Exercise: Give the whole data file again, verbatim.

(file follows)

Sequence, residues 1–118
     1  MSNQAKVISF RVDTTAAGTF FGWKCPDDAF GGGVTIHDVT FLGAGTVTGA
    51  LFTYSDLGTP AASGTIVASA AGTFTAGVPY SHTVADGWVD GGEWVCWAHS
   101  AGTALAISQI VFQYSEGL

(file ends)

Sequence, residues 1–118
     1  MSNQAKVISF RVDTTAAGTF FGWKCPDDAF GGGVTIHDVT FLGAGTVTGA
    51  LFTYSDLGTP AASGTIVASA AGTFTAGVPY SHTVADGWVD GGEWVCWAHS
   101  AGTALAISQI VFQYSEGL